We had the good fortune of connecting with Karen van Vuuren and we’ve shared our conversation below.
Hi Karen, we’d love to hear more about how you thought about starting your own business?
I thought, I would never want to enter the funeral business! I had been involved in elder care, hospice, and ran a non-profit educating about holistic and natural approaches to end of life. I’d always been on the periphery of death care as an advocate for environmental choices and consumers rights. I helped hundreds of families direct their own funerals and supported natural death care in families’ homes. But then one day, over tea, a friend and I were chatting about green burial. “We need green cemeteries, but we also need a green funeral home,” I said. My friend, an atmospheric scientist with no direct end-of-life experience said, “Let’s do it!”. It was a destiny moment that nearly had me falling off my chair and choking on my tea. But it was ultimately something to which I said, “Yes!” In 2019, more than three years after this invitation to begin a holistic funeral business, The Natural Funeral opened its doors.
Alright, so let’s move onto what keeps you busy professionally?
My artistry is in documentary-making and in my journey towards the founding of The Natural Funeral holistic funeral home, I used film to delve deeper into what it means to die consciously. My first documentary, Dying Wish, featured a retired vascular and thoracic surgeon, Dr. Michael Miller, who had end-stage cancer and wanted me to film his last days after he stopped eating and drinking. I had worked as a broadcast news journalist in my 20s and then stepped away from that world to focus on end-of-life education in my 30’s. When Mr. Miller told me he wanted me to make a documentary about his dying process, and that I needed to begin filming the next day, I told him I would do it. When I shared this with my husband, who had not known me as a journalist, he asked “Are you sure you can make a documentary?” Dying Wish featured twice at the National Hospice and Palliative Care Organization’s annual clinical conference. It has brought comfort to countless families with dying loved ones. My other documentary, Go in Peace, is about veterans with Post Traumatic Stress Disorder at end of life. I use my filmmaking skills for our funeral business now to showcase our specialized green services such as green burial and water cremation, and our ritual of Reverent Body Care™ to bless the body with washing and anointing at death.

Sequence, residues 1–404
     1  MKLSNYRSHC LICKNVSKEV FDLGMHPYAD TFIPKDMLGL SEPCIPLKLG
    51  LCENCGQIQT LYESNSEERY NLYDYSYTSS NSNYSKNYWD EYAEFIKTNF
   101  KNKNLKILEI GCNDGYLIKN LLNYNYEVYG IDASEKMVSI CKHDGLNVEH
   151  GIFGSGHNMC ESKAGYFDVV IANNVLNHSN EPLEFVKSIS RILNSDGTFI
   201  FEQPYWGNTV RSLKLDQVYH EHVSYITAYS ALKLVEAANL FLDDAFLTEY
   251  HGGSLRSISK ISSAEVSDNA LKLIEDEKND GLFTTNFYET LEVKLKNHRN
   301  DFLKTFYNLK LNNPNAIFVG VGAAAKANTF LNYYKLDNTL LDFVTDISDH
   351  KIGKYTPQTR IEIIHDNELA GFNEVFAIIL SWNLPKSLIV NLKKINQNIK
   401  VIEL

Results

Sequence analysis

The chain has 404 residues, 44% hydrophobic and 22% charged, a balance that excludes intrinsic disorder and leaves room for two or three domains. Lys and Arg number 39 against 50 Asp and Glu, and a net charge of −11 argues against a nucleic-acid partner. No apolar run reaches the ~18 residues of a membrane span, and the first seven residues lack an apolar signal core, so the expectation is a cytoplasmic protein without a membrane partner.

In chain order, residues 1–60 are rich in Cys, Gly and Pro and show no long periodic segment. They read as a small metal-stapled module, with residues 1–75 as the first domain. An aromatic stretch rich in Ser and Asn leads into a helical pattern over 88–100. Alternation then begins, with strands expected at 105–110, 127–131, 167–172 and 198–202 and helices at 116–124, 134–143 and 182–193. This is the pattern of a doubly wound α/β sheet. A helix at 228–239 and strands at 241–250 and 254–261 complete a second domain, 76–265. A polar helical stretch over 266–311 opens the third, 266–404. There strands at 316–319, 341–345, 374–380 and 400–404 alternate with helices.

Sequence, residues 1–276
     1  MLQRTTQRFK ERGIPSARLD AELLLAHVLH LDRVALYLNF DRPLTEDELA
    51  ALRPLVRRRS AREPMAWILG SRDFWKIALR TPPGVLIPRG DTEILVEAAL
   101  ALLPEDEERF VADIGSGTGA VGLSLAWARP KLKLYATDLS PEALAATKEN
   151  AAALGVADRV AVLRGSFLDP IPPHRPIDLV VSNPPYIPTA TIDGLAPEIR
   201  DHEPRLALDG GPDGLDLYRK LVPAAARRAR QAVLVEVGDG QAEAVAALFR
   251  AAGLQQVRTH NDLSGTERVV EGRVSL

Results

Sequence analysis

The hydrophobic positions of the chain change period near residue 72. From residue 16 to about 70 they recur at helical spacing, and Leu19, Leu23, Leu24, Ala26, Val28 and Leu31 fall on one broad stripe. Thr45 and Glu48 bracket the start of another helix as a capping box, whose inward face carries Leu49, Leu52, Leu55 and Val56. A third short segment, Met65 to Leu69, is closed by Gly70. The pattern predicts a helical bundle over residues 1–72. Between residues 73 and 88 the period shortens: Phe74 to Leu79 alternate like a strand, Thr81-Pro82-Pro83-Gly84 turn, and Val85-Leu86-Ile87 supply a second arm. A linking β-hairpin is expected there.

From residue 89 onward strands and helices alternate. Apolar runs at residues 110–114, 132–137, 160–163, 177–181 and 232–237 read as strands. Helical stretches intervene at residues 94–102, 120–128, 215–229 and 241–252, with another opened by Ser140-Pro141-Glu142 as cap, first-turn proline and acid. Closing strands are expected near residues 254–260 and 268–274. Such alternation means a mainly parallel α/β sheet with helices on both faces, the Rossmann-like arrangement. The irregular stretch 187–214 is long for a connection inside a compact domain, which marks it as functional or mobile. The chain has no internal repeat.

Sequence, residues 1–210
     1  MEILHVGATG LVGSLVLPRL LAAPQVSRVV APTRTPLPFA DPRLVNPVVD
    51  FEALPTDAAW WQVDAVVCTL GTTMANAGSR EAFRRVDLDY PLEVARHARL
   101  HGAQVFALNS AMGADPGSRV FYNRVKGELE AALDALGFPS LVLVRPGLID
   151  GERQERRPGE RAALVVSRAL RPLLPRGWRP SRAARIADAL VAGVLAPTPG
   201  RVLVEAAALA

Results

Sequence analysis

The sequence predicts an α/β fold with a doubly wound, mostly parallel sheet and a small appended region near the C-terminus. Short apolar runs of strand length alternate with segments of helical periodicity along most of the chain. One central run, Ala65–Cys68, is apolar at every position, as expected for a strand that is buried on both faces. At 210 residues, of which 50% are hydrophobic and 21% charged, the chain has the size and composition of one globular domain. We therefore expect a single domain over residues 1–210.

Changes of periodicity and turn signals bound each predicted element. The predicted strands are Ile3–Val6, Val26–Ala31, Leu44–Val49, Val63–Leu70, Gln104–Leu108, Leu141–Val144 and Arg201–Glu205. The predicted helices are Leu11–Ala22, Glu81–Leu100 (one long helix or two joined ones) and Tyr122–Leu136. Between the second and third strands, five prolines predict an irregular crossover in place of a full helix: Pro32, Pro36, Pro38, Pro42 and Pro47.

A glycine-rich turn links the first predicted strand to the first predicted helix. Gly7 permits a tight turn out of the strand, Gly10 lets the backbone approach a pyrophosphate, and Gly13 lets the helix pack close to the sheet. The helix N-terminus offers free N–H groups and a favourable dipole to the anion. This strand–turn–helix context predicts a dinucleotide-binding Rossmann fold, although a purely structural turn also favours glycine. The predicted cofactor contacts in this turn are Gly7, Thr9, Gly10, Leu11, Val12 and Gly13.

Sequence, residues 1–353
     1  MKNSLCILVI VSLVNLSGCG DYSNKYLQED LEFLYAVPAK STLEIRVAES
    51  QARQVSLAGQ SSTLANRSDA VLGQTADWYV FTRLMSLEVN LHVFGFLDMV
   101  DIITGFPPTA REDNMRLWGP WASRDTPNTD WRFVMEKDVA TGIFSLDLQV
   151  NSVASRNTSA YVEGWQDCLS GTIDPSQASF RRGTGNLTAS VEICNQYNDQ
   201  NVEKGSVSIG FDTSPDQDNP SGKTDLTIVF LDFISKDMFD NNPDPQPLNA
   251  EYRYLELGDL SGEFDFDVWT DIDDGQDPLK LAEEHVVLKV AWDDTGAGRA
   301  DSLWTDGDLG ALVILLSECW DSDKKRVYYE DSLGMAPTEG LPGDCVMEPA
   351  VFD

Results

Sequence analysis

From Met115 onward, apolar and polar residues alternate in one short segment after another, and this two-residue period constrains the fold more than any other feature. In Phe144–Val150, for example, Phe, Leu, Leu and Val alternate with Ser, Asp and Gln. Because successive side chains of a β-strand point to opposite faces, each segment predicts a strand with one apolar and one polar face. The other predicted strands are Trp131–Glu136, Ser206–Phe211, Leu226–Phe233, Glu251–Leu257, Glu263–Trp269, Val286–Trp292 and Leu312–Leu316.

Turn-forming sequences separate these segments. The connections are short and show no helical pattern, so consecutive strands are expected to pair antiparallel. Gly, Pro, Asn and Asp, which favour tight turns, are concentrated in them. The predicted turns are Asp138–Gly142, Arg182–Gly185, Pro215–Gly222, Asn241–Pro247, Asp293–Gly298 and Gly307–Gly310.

If you had a friend visiting you, what are some of the local spots you’d want to take them around to?
My favorite spots are in nature. The Front Range of Colorado has the most spectacular vistas, and I would most certainly head to the hills to the Indian Peaks Wilderness or Rocky Mountain National Park. On a more landscaped front, the Denver Botanical Gardens are most alluring in the spring, with the most dazzling array of blossoms and resting places such as the Monet Pond. In Boulder, my home, for its atmosphere and ornate and colorful carved wooden decor, a trip to the Dushanbe Tea House would be absolutely in order,
Who else deserves some credit and recognition?
The National Home Funeral Alliance is an organization I helped to co-found. But it represents a movement of courageous and trail-blazing folks from around the US and the world who stand for families’ rights to care for their dead in a way that fits with their values and leaves a smaller final footprint. I would like to honor all those in the movement for conscious and holistic approaches to end of life who have inspired and encouraged me to manifest a vision – The Natural Funeral. Within this community are hospice workers, end-of-life educators, home funeral guides, death doulas, and families who have led the way in conscious and healing death care.
Other: dyingwishmedia.com goinpeacefilm.com naturaltransitions.org
Credit: Shroud photo – SevenStones Cemetery, CO Other photos – Credit – The Natural Funeral